The Week, 26 October 2018
The Budget next Monday is a chance for the Government to refocus on a strong domestic policy to tackle challenges like low productivity and an ageing population. A Budget ending austerity should couple increases in public service spending with bold new reform to ensure extra money is spent wisely.
Maisie Borrows, Research Manager at Reform
Reformer of the week
Richard Corbridge, Chief Information Officer at Leeds NHS Trust, for building a toolkit that gives advice to hospital departments at Leeds NHS Trust on how to get rid of the 345 fax machines currently in use. This toolkit is now available to all NHS hospitals and is an example of an effective, local solutions that can be spread across the NHS to solve some of its biggest challenges.
Good week for…
Digitising train travel
On Friday, the Government announced it will be rolling out the first “digital only” railcard for four million millennial travellers. The Rail Delivery Group said that a digital card was safer and more efficient than a physical version.
Cancer care (I)
On Monday, research published found that radiotherapy treatment for men whose cancer was locally advanced boosted three-year survival rates to 81 per cent, compared with 73 per cent receiving standard care. This discovery could improve survival rates for over 3,000 men in England.
Bad week for…
Cancer care (II)
However, also on Monday, significant variation between diagnosing cancer in A&E across different CCGs was found; the worst performing CCG was at 26 per cent, almost double the best at 13. Late stage diagnosis of cancer significantly impacts survival chances.
Grade inflation at universities
On Monday, the Government announced plans to tackle grade inflation by introducing a new criteria on how the institution grades, which will contribute to the overall ranking of a university.
Quotes of the week
“Our goals are built upon improvement, making sure that we offer the best patient experience possible, and taking the efficiency of our services into account for every decision we make. We want to be described as the best in the NHS for the delivery of the dream: integrated care. Turning off the fax is a step towards these goals. The patient can’t see the fax without requesting a copy of their paper notes; the need to move (and track) huge volumes of patient notes around a hospital to ensure the next care giver knows what was faxed to the last professional involved in the care of the patient can be removed from the equation.”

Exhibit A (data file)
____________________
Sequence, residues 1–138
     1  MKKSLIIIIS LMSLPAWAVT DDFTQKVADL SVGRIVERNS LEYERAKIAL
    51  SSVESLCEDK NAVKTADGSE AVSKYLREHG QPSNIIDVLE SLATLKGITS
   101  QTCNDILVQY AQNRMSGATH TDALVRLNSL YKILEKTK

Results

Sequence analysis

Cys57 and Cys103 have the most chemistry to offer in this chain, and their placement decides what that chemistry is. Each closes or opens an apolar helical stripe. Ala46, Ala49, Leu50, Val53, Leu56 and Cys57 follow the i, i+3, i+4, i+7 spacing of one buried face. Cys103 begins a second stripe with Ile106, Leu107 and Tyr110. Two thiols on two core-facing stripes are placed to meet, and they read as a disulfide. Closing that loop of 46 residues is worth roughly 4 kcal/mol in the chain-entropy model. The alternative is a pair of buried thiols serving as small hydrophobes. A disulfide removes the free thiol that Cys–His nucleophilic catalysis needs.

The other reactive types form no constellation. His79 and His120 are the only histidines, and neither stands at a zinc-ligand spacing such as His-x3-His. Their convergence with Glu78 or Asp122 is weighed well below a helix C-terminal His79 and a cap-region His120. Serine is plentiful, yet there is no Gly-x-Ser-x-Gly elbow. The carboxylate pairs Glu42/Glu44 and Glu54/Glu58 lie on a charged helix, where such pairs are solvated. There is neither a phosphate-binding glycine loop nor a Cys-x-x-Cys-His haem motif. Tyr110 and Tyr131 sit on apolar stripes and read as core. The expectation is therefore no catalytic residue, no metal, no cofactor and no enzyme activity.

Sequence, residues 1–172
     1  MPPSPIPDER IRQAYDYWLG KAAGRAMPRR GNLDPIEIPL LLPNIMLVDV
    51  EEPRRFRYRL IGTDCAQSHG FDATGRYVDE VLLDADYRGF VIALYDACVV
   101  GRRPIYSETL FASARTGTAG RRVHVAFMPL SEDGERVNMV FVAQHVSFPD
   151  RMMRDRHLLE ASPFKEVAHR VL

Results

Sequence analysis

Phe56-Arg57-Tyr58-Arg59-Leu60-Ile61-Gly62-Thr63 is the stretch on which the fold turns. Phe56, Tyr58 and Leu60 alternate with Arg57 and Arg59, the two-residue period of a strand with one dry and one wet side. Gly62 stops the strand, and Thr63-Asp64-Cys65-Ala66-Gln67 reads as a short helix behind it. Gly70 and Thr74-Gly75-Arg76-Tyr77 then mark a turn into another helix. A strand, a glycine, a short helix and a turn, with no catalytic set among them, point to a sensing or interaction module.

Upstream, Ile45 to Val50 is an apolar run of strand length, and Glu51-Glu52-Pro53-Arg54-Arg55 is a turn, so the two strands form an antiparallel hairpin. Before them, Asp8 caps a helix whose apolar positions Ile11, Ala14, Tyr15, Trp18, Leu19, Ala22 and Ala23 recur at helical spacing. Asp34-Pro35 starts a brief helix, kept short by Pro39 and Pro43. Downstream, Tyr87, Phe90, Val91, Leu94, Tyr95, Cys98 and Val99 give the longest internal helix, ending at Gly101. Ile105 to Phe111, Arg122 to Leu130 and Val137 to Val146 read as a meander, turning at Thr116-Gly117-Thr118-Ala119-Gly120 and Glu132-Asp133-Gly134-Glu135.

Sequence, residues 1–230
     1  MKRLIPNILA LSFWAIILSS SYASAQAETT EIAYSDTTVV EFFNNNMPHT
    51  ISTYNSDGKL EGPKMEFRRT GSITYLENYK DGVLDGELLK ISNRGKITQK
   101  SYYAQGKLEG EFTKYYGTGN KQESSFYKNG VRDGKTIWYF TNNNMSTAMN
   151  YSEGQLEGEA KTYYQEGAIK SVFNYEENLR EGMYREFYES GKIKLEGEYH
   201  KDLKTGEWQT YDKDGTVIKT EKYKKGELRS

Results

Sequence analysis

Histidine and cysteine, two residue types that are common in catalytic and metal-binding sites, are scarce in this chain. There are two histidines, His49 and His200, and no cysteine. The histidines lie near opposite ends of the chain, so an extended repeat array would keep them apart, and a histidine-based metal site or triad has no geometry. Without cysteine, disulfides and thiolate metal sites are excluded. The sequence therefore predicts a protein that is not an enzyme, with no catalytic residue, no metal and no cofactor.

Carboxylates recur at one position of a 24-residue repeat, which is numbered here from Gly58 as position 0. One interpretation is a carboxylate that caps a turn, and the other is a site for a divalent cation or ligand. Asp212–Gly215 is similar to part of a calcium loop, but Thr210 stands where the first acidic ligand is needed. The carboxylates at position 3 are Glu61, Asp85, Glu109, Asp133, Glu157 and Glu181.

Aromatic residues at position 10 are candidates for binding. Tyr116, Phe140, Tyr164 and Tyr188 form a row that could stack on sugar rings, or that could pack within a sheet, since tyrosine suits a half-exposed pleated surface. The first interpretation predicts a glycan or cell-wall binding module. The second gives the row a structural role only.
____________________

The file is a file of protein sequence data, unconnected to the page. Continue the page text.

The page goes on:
Richard Corbridge, Chief Information Office at Leeds NHS Trust, writing in The Guardian on Thursday.
“The health system needs to make the journey from focussing on the nuts and bolts of people’s bodies to concentrating increasingly on ensuring the whole person’s physical and mental health is supported. The best doctors have always understood all of that. The training increasingly includes the human and emotional side. For instance, doctors are actively trained now how to impart difficult messages to patients. But the overall system needs to clearly move in that direction.”
Rt Hon Matthew Hancock MP, speaking to the House Magazine on Thursday.
On Friday, Reform published a new report ‘A data-driven approach to personalised cancer care’.
Media Coverage: On Friday, Reform’s report was covered in Prolific North and The Yorkshire Post.
On Friday, Maisie Borrows, Research Manager at Reform, wrote an op-ed for Pharmafield highlighting the benefits of using data to personalise cancer care.
Also on Friday, Maisie Borrows wrote an op-ed for Health Service Journal outlining how the NHS needs to create a single point of access to all cancer data.
On Friday, Professor Chris Harrison, Medical Director (Strategy) of The Christie NHS Foundation Trust, wrote a blog discussing the use of data and personalised cancer care at The Christie.
On Wednesday, Reform hosted a Partners Breakfast led by Dr Paul Williams MP, Member, Health and Social Care Select Committee, on ‘Strategic shifts of care in the NHS’.
On Wednesday, Reform will host a Partners Dinner led by Damian Collins MP, Chair, Digital, Culture, Media and Sport Select Committee on ‘The Politics of Technology’.